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COLUMN SIXTY-SEVEN, JANUARY 1, 2002
(Copyright 2002 Al Aronowitz)

AN ARTIST REMEMBERS HARRISON


http://www.cdbaby.com/chrismusic

For almost twenty years, I have been a big fan of The Beatles.  To me, the four Beatles were the most innovative musicians of the twentieth century.  The Beatles inspired so many great musicians (from pop to classical), and their fan base included "The King of Rock and Roll" himself, Elvis Presley.  Elvis even sang George Harrison's Something when he did his Hawaiian TV special, Aloha From Hawaii."  Frank Sinatra even said that Harrison's Something was his favorite Beatle song of all time.

When I had heard of Harrison's passing, I felt a great loss in my life.  I was too young to remember Lennon's death, but I grew up on the solo years of Paul, George, and Ringo.  The first solo Beatle purchase for me was George Harrison's Somewhere In England.  This remains my favorite Harrison record today.  In fact, it is the only solo Harrison record to feature ex-Beatles Paul McCartney and Ringo Starr.  I fell in love with Harrison's tribute to Lennon, All Those Years Ago, and this song inspired me to write a song for John Lennon's 20th Memorial.  In 1999, I wrote a song called Thank You For The Music---a song that charted in Australia and even got airplay in Israel, thanks to Hebrew Beatle author Yarden Uriel.

In 1999, I began recording Thank You For The Music.  It was an exciting time for me because I was in such a Beatle mindset for a whole year while working on this project.  I really researched The Beatles' music, and my producer, John Blair, and I really added some nice Beatle touches to the song---including a Harrison-like guitar solo played out by guitar virtuoso Tim Breon, who has worked with Neil Sedaka, Martha Reeves and Davy Jones of


Peter Noone gave Chris's Monkees/Beatles parody
to George


the Monkees, to name a few.  I had recorded some of the tracks at a studio owned by a man who worked for Paul McCartney's publishing company, and Laurence Juber (former Grammy-award-winning lead guitarist of McCartney & Wings---who had also worked with George Harrison and Ringo Starr) gave some creative input to two of the Beatle-like recordings on my CD.  After hearing an early take of Thank You For The Music, I remember Laurence remarked that the "Lennonisms are cool."  That meant a lot to me since I was trying to Beatlelize the song as much as possible---plus I was hearing this from a guy who had worked with three of the four Beatles.

Prior to the CD's release, I wrote up a Monkee/Beatle PARODY which I sent out as an amusing e-mail essay to some of my friends in the music industry. They included Peter Noone (aka "Herman" of Herman's Hermits), who forwarded these essays to his good mates, Sir George Martin and George Harrison.  Peter once commented to a newspaper that George Harrison still calls him "Herman." Being the long-time Beatle fanatic and Monkees fanatic that I am, I pointed out in these essays that not only were The Monkees inspired by The Beatles' musical creativity, but that The Beatles were inspired by The Monkees' creativity not only in the studio but as actors as well.  The Beatles even threw The Monkees a party when The Monkees toured England in 1967.  John Lennon used to watch The Monkees television show regularily.  George Harrison had brought Monkee Peter Tork in the studio as a guest artist for his solo project Wonderwall.  Davy Jones was in the studio with John Lennon and Yoko Ono during the mixing sessions of Revolution No.9.  The Monkees even participated in the music video for A Day In The Life.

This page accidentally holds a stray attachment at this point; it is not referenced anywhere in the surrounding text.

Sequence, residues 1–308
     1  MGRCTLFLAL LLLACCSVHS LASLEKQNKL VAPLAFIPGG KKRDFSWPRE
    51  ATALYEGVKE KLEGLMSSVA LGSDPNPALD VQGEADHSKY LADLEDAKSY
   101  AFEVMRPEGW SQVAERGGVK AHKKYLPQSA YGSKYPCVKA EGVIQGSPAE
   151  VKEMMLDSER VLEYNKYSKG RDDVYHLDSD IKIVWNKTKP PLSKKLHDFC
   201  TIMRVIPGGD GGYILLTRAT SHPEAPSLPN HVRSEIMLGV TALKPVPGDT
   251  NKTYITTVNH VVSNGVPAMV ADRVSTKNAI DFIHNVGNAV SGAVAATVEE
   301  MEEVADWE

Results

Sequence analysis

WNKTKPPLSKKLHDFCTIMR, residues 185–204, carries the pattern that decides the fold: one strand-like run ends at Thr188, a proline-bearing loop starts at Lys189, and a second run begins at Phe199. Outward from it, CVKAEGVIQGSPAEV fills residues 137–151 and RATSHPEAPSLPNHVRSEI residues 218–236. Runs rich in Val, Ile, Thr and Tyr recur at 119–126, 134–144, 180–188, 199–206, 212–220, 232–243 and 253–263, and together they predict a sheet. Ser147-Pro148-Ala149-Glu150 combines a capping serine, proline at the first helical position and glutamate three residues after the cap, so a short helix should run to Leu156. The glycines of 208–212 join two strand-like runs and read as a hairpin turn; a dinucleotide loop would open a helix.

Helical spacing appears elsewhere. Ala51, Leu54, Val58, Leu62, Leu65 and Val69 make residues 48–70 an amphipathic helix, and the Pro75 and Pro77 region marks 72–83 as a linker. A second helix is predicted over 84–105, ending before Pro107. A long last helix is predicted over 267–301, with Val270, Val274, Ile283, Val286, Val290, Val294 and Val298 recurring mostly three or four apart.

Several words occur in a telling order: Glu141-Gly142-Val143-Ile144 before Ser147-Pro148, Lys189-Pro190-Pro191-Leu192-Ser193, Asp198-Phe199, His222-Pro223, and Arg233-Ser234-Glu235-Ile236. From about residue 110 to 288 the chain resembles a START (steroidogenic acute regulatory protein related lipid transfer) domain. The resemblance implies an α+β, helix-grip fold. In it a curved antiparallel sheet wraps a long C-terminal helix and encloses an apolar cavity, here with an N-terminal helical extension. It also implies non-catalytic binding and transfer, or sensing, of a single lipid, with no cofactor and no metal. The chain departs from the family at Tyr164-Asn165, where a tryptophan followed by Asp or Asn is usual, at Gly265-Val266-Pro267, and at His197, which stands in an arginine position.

Harrison wasn't just a musician, but he was a quiet man who had a spiritual side to him.  Recently, I wrote an article about Harrison for Assist News Services, whose founder, Dan Wooding, told me that in his "secular journalistic days? in London, he inadvertently helped to launch George Harrison's second career as a filmmaker. Wooding had gone to a reception in London for a new film starring several members of the Monty Python team.  During the evening, he asked them about their next film, The Life of Brian, adding that the movie 'sent up Jesus."

When Wooding's story appeared with the headline, "Monty Python Sends Up Jesus,? the Jewish financier of the film withdrew his funding and so George Harrison stepped in and helped to underwrite the movie. Harrison also put his money into other movies, including The Missionary, starring Michael Palin, Trevor Howard and Maggie Smith.

While most of the world will remember George Harrison as "the quiet Beatle" with the haunting guitar solos, George's friends and family will always remember him as a man who had a warm and caring heart.

I will miss you George.  ##

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